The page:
Has there ever been a known successful attack on a Trezor device via the USB? Specifically a situation where an air gap would have saved the day?
I’ve only heard of a ledger falling prey to this.
Bonus question…. Is rolling your own dice for your seed really adding significant security?
I don’t think there has ever been pure malware-based, interaction-less attack on the USB device.
IOW, if you leave a Trezor plugged into a totally hacked PC, which you then lock in a room and make sure that nobody enters, then such Trezor would remain secure.
There have been evil maid type attacks on a Trezor that is left plugged into a PC and the attacker can use it while you’re out at lunch. Some of those take advantage of the USB connection, and might not work if there is an airgap. In particular, the “Soft-lock bypass” from here would not work with an airgapped device.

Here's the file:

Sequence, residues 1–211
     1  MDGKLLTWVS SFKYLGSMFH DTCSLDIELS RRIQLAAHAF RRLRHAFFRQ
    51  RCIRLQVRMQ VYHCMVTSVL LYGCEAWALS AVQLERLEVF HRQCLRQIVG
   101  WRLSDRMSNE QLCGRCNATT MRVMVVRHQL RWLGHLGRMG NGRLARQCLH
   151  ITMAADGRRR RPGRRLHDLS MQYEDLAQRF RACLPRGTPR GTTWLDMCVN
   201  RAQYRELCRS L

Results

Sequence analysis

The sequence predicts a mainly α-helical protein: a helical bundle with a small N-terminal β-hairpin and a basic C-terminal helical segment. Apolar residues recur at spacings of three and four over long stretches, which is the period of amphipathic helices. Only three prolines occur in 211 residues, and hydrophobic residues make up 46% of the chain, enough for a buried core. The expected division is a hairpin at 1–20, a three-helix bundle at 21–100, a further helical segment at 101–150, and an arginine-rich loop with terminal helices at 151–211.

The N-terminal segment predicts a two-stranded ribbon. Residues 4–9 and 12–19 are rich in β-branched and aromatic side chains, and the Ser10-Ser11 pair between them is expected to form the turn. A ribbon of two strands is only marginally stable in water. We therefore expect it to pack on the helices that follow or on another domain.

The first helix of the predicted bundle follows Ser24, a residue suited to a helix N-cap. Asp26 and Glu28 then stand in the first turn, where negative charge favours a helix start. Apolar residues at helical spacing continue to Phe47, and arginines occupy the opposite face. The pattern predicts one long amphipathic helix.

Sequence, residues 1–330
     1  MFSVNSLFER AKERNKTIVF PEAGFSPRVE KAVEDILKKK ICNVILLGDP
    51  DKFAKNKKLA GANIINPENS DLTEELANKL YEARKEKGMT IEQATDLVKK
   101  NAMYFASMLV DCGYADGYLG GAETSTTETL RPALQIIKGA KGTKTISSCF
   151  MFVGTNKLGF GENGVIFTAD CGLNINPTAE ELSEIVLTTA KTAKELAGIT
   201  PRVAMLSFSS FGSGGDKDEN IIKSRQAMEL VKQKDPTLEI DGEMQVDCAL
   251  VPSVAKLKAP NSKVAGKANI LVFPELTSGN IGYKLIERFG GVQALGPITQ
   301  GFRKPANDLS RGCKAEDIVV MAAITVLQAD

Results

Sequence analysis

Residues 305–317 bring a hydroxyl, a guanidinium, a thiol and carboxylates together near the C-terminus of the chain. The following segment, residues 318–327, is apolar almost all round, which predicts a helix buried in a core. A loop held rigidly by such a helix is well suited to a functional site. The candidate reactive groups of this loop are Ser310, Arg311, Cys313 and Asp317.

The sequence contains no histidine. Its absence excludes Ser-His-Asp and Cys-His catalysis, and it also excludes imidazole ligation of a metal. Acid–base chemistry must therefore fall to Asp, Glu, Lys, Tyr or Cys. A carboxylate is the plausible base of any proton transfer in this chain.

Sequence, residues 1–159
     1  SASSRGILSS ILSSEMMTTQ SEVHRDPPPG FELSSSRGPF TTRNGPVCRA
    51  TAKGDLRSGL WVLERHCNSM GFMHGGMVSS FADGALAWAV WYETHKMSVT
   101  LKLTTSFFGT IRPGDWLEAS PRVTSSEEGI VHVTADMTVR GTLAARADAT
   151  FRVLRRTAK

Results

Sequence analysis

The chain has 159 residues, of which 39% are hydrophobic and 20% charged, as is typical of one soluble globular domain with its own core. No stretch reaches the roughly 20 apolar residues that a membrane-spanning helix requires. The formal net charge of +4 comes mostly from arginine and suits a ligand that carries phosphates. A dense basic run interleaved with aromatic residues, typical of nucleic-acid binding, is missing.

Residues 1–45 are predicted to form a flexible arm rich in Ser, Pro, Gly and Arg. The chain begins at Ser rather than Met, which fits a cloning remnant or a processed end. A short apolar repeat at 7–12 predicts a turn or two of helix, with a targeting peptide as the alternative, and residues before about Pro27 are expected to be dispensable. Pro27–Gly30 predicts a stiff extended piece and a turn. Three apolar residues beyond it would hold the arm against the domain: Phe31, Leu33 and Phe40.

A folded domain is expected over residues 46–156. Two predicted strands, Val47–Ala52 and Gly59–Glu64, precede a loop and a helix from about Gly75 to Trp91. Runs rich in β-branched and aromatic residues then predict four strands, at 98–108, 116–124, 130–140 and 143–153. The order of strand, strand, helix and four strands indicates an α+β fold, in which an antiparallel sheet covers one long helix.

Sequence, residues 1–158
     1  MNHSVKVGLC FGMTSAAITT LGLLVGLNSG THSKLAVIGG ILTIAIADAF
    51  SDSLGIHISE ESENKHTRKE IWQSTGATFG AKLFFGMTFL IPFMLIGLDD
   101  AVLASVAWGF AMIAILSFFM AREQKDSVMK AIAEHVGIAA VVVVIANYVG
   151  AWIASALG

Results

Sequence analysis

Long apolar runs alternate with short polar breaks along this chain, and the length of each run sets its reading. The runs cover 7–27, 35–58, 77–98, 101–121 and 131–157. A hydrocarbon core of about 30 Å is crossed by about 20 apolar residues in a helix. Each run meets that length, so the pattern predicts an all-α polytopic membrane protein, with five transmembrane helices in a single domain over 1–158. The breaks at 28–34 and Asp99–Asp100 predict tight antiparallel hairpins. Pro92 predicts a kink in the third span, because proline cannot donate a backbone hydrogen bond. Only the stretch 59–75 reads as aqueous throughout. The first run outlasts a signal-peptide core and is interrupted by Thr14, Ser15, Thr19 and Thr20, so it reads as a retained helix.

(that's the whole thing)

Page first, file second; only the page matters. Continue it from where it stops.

In case of Trezor, basically no.
Rolling your own dice could save your bacon in case (a) the hardware RNG in Trezor’s chip is bad, but the hardware and software is otherwise good, and at the same time (b) your PC is infected by malware which knows this, at the time you are creating your wallet.
This happens either if Trezor is specifically designed to work like this, in which case there is zero reason to believe that “hw and sw is otherwise good” and you should throw it in the garbage… or if a nation-state actor is actively targeting you, in which case you’re basically f***ed either way.
In a typical case, rolling your own dice will probably make the process very slightly less secure: your dice could be imperfect (allowing an attacker to steal them after the fact and make use of the biases), you could make mistakes, there is a much larger window for someone to record you doing it.
Thank you for this response!